We believe that insiders have the greatest insight into the fundamental health of a company, and so we follow closely insider transactions. It has been shown that insiders tend to outperform the market by as much as 7% annually (read more about how this strategy can boost your returns).
In a recent Form 4 filing with the SEC, four directors were selling off shares of Delphi Automotive PLC (NYSE:DLPH). These four directors – Nicholas Donofrio, Gary Cowger, Bernd Wiedemann, and John Krol – sold off over 87,000 shares in the range of $33.75-$34.10. Krol was the biggest seller, dumping over 50,000 shares – 33% of his shares.
Insider selling in Delphi shares has been robust in 2012, and includes big cuts by its largest shareholders, billionaires John Paulson and Paul Singer. Paulson sold off 29% (2Q) followed by 22% (3Q) over the past two quarters. Billionaire Paul Singer – founder of Elliott Management – dumped 18% of his shares in 2Q and then 17% in 3Q (check out Paul Singer’s latest market moves). Other notable large insider trades include four insiders that have sold off 100,000 collectively through the month of November.
Delphi is already up 60% year to date, but still only trades at 9x earnings. This is below some of its top peers, including Johnson Controls (16x) and Visteon (76x). Delphi’s 3Q results came in at $0.84 versus $0.72 from the same quarter last year and well above consensus of $0.73. Despite this recent success and a relatively low P/E, 4Q guidance was lowered on weak European production expectations – estimates predict a 15% declination year over year. EPS is now expected to be in the range of $0.79-0.89 versus previous consensus of $0.99. Delphi also expects to have to spent $250 million for restructuring, with part going to help integrate its recent acquisition of FCI Group’s motorized vehicles division (MVL).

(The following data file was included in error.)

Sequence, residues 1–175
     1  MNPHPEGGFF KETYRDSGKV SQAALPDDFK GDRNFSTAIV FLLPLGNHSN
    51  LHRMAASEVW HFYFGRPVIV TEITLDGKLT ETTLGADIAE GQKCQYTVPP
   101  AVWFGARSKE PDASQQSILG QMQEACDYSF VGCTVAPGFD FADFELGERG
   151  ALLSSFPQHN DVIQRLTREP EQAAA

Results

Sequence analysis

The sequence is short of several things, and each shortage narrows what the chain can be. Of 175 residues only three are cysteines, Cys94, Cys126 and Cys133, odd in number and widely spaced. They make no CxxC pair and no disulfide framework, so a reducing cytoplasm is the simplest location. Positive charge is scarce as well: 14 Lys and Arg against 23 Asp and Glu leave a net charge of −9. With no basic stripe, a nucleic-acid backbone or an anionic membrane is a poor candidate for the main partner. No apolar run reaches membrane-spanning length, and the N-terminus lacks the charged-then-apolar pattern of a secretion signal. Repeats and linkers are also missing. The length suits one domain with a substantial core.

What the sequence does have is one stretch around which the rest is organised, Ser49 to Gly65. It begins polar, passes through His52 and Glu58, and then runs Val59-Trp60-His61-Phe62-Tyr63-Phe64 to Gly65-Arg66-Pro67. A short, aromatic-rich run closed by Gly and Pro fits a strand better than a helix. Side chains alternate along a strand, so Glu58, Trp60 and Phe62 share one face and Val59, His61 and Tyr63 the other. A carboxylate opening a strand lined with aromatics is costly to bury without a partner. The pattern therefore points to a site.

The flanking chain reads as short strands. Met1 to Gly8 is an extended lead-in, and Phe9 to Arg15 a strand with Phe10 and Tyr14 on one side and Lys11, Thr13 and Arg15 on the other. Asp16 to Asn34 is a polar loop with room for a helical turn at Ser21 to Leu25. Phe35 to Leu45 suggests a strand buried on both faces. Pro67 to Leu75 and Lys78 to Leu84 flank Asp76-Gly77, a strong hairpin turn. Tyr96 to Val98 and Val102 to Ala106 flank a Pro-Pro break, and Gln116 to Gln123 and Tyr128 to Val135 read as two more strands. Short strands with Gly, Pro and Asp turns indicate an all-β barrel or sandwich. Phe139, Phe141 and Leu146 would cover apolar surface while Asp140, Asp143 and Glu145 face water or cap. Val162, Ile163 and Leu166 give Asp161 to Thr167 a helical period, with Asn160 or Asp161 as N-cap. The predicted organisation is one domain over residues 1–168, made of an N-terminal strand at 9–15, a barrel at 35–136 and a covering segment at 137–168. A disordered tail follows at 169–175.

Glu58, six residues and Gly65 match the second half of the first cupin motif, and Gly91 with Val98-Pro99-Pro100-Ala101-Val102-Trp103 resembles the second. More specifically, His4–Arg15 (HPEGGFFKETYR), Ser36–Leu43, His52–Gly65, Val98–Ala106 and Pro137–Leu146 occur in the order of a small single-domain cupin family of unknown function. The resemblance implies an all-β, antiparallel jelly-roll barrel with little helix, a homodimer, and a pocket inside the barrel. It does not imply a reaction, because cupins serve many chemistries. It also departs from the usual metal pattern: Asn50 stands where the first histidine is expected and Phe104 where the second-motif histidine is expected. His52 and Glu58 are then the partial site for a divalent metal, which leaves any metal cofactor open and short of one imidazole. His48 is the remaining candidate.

Johnson Controls, Inc. (NYSE:JCI), Visteon Corporation (NYSE:VC), Lear Corporation (NYSE:LEA) and Autoliv Inc. (NYSE:ALV) are some of Delphi’s closest peers. Johnson Controls is the largest of our five auto parts companies with an $18 billion market cap, but it is also down over 10% year to date. Johnson’s dividend yield of 2.7% and solid growth makes it a generally attractive investment, and on the back of increasing auto sales, Johnson expects to grow revenues by 4.6% in 2013.